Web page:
RAINWATER HARVESTING

CAPTURE Seize as much stormwater as possible Store and contain underground or within green infrastructure

HATIKVA-EZRA COMMUNITY DEVELOPMENT TRUST Consensus Building Through a Bottom-Up Approach This creates an opportunity to build consensus, collaborate, design and implement projects that enable local stewardship for a new way of life for local residents. The sharing mechanisms of the muşah concept integrates water-sensitive interventions and the new housing typologies that allow local communities to connect and thrive.

SEPERATE UNDERGROUND WATER SYSTEMS

NEW NATURAL WATER BODIES

BIOSWALES

DIVERT STORMWATER

A NEW SYSTEM TO RETAIN AND REUSE STORMWATER A Systematic Approach to Make Water Work for Local Benefit Stormwater is retained, managed and used at a neighborhood and block scale. Not only are residents less vulnerable to flooding, they also benefit from a greener neighborhood with reduced ambient temperatures and increased shade cover to help alleviate urban heat.

CREATE Centralize new retention ponds which connect to new streams. Reclaim water for neighborhood irrigation.

HATIKVA WATER SYSTEM ‘Through the Neighborhood’ Channel-Store-Release-Soak

ALTER THE LANDFORM

RETENTION PONDS & WETLANDS

WATER STREETS

NEW WATER BODIES

STREET SIDE RAIN GARDENS

GREEN INFRASTRUCTURE EZRA WATER SYSTEM ‘Cyclic’ Chanel-Capture-Store-Release-Repeat

CARVE Create new natural ecosystems by manipulating the land. Maximise water flow to the new streams and retention ponds.

RELEASE STORED WATER


PLACEMAKING MuĹ&#x;ah as a Cooperative System of Living The MuĹ&#x;ah becomes not only be a tool for parcelization, but also a system to foster local trust and collaboration. The interconnected green-blue infrastructure creates flexible maker spaces, open streets, shared frontages, roof gardens, interactive multi-level terraces and markets. The preserved housing and open water streets of Hatkiva above (with section) and the new densified housing typology of Ezra below.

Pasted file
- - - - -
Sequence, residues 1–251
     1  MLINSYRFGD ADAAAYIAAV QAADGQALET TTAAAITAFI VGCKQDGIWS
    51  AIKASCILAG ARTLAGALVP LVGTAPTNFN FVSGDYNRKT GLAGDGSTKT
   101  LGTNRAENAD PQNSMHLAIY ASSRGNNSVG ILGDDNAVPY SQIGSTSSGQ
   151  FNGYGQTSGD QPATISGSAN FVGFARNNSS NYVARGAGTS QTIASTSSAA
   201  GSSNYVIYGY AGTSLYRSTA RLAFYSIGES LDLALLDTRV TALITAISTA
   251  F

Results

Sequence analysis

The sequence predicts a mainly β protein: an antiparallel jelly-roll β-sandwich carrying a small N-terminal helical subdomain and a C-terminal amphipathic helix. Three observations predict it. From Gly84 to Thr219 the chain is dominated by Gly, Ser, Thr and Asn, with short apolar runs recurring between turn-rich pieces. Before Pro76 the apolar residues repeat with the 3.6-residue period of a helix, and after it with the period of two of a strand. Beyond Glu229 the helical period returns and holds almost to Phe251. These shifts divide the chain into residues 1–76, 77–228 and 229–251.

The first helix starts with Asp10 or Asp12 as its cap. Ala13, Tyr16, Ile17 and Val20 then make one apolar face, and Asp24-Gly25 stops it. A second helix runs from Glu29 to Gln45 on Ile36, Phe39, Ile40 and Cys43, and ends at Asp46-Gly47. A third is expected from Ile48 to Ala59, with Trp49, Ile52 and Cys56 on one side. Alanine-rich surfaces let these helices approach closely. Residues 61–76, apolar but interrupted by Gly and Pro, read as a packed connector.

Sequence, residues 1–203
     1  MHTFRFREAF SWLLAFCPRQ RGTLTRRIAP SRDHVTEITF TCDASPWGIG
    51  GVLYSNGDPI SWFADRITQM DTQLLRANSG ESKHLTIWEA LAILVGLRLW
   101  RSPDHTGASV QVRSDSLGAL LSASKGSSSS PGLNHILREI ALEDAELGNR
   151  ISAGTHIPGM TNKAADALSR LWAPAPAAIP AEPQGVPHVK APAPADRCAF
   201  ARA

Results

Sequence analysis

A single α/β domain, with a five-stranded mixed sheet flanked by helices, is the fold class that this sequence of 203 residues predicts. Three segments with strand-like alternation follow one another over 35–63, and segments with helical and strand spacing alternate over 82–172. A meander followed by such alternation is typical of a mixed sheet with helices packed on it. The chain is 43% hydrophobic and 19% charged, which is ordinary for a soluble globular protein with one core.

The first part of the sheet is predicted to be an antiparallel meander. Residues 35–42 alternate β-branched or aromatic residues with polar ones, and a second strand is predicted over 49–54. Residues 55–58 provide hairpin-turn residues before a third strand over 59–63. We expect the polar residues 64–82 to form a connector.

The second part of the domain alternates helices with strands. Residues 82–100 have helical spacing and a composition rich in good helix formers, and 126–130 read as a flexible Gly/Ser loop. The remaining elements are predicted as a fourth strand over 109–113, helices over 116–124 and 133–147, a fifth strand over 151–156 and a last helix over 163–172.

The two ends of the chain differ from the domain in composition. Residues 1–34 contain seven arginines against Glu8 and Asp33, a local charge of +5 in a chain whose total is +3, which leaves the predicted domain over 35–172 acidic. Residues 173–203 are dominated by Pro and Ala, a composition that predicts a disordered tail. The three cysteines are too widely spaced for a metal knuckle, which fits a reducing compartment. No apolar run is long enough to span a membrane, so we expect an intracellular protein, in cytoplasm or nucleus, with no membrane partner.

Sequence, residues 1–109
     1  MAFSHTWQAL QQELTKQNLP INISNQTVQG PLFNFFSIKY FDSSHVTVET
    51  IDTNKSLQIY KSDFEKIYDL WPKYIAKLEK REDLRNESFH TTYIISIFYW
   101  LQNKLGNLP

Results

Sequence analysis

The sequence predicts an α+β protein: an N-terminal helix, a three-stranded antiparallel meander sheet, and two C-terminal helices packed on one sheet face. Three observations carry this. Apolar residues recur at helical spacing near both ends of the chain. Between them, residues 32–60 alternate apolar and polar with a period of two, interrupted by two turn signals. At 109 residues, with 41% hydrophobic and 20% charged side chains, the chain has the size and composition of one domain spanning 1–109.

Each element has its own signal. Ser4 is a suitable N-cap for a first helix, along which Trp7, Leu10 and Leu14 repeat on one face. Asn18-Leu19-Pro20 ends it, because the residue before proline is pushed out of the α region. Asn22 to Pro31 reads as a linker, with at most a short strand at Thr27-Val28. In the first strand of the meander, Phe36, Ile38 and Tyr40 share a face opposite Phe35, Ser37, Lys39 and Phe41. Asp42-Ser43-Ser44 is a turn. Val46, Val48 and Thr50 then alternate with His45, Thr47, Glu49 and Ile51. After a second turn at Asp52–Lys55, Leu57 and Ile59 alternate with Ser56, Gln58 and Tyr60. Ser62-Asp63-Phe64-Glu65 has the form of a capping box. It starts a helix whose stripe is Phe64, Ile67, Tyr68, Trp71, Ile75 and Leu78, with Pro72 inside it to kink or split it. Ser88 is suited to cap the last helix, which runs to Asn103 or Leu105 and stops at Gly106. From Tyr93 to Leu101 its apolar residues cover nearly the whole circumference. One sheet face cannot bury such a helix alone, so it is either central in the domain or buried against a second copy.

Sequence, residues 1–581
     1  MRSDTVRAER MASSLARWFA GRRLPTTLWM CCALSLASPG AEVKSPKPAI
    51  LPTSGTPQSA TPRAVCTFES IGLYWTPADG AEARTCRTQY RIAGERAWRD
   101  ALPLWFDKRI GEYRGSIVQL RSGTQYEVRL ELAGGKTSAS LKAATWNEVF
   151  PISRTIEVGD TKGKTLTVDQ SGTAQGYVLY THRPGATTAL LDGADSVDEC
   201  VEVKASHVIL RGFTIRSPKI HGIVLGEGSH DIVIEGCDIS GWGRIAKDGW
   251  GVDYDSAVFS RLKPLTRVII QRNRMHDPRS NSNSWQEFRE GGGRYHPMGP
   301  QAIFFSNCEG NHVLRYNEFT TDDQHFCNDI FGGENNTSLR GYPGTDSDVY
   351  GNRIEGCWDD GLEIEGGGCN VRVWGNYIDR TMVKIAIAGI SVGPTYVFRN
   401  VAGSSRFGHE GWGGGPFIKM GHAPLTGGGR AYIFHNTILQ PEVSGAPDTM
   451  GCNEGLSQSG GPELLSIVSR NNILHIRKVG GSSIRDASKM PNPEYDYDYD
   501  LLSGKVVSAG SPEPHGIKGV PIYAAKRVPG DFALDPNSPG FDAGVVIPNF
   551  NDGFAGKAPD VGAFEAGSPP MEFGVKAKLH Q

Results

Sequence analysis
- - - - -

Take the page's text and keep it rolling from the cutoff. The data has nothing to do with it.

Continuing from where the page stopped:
GARDENS OF HOPE A Green and Blue Network to Connect Communities Through manipulation of the land, creation of new stream beds, retention ponds, water streets and through water sensitive urban interventions, the hydrologic cycle can be replicated at a block and neighbourhood scale to nourish and help green infrastructure become established.

A NEW URBAN LANDSCAPE Integrating Housing with the Green-Blue Infrastructure as a Pilot Project Incrementally densify the neighborhood by integrating and adapting to the existing housing typologies through additions, new construction and integration. This new housing system will enable the community to actively engage with the water infrastructure thereby letting them take advantage of the new urban landscape.


2 MIGROCULTURE

URBAN DESIGN STUDIO II (FALL 2019) :

Faculty: Kaya Kuhl (Coordinator), Anna Dietzsch, Jerome Haferd, Liz McEnaney, Justin Moore, Shachi Pandey, Raafi Rivero, David Smiley, Dragana Zoric With: German Bahamon, Nina Lish, Claudia Kleffmann, Nina Ndichu Agricultural Emissions Industrial Agriculture in the US today operates in a way that is out of sync with both the long term sustainability of the land and the well being of the people it is designed to feed. Regenerative Agriculture works with nature. It’s practices rebuild soil, which leads to increased carbon storage, less need for nitrogen and herbicides, a reduction in the likelihood of flooding, less erosion and healthier water systems, as well as healthier food. This farming system depends on livestock, which are crucial in keeping the land sustainable and productive if appropriate rotational pasture management and diverse crop management is applied. A New Farming System A unique spatial system has been created in the form of an arterial route that will be connected with adjacent paddocks and harvested cropland through easements, where farmers will be able to share each others land and develop social networks. Livestock will be moved and rotated through the trail and connected paddocks, to regenerate the land and sequester carbon. This trail will become part of the public realm and also cater for human movement and passive recreation. The trail will also venture into urban areas, connecting with key town nodes and in doing so it will increase opportunities in the distribution of healthy food and the awareness regenerative agriculture practices. Under this proposal, 18% of farmland is required to bring the agriculture industry in the Hudson Valley to carbon neutrality.